Often writing these reviews, the correspondent must go into IMDb and print out a cast list to assist in the critique of the film.
Not so with Judy (2019) where the list was only necessary to check the spelling of the star’s name. Renee Zellweger dominates this film to such an extent that the rest of the performers are nearly superfluous.
This ties in neatly with the film’s premise that movie star and songstress Judy Garland, whose biopic this is, had no real friends. All her love came from the breadth of her audience, an intangible concept for any recipient. How certain are you of mass love as opposed to the hug of one dear friend?
Garland, the teenage girl next door of pre WWII MGM musicals – most famously as Dorothy in The Wizard of Oz (1939) – is shown at the end of her career, playing London’s Top of the Town to earn enough money to re-house her two children from her fourth marriage. The lady’s a mess of nerves and twitches and uncertainty. She is unreliable and unemployable in Hollywood, hits the bottle and uses pills to help while awake and again to make her sleep.
We are shown the pills regime was the work of MGM boss Louis B Mayer to keep weight off his young star and have her perky enough to deliver her unique voice to his studio’s lavish productions.
Judy exposes the Hollywood star system in all its darkness, although by contrast these scenes are mostly shot on the Oz lot of bucolic scenery and props amid vivid colour.
The movie moguls paved the way for actors and actresses to earn riches and pursue a ‘dream life’ but contracted players were highly-paid slaves of their studio chiefs. Some rebelled – and Garland tried – but being a teenager without a loving mother, made her rebellion even less successful than that of the older stars.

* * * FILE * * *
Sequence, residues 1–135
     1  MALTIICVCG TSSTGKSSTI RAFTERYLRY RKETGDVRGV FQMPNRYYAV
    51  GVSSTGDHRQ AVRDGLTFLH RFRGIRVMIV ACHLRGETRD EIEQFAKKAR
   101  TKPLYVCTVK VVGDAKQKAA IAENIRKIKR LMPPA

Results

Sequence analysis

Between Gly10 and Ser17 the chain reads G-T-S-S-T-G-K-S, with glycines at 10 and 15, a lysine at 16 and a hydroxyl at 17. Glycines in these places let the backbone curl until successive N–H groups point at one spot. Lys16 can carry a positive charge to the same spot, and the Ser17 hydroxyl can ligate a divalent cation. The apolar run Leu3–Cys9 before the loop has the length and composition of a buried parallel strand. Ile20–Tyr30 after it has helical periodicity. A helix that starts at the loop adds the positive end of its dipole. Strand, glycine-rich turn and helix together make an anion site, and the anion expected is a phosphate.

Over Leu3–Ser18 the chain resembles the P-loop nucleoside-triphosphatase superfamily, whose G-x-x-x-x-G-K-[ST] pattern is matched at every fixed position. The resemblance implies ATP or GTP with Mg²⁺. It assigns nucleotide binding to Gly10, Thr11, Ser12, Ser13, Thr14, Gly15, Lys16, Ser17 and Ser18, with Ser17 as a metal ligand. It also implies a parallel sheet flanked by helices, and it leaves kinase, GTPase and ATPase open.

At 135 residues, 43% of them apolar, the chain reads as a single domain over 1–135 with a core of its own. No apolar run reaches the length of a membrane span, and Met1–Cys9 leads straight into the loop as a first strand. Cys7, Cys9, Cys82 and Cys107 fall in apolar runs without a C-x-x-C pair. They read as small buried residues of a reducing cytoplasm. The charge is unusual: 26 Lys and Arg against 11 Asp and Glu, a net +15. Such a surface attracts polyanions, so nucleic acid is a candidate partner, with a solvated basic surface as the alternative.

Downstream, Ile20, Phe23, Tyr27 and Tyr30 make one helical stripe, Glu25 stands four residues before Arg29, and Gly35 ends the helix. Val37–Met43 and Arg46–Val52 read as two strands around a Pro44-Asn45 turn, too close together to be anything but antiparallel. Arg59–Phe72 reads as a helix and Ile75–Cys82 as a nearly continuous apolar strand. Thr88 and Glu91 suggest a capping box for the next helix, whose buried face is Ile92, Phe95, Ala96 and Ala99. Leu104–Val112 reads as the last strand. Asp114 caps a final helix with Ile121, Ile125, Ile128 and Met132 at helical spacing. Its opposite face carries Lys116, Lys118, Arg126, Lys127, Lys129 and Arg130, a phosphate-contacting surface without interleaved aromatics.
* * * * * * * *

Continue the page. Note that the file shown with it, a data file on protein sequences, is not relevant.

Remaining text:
I was interested that fellow club members enjoyed these scenes of pre-war Hollywood and the performance of Darci Shaw as the young Judy. I found her unconvincing as the Garland I recalled as a small boy watching movies like Broadway Melody of 1938.
Garland also made Love Finds Andy Hardy (1938) and Strike up the Band (1940) alongside Mickey Rooney and it is suggested that the studio system and their juvenile uncertainty kept the two friends from being a couple. Who knows, a wedding made in Hollywood heaven may have succeeded and saved 13 failed marriages to boot.
But back to Zellweger’s stand-out performance. From the first scene she captured the drug-dependent Garland and convinced viewers through to the film’s conclusion. I thought it brave for Zellweger to use her own voice but she nailed that too, despite some critics being canny enough to notice the lip syncing.
As at a concert, when many audience members cannot wait for the performer(s) to play their greatest hit, I was itching for Zellweger to sing ‘Somewhere over the Rainbow’. When she did, it was a failure of sorts (as per the actual event, not through any fault of the actor) but drew the poignant moment of her audience rising to sing its well-known lyrics back to her.
However, despite the excellence of her mimicry, I found Zellweger’s twitches and lip purses just a little too prevalent. It was all I could concentrate on. Like the man with the face mole in Austin Powers, the eye was drawn to it, despite the best efforts to ignore it. For me the dialogue and the plot became secondary. Not that they rated much more than secondary status.
Judy is a pretty average film with a pretty first-rate performance from its star.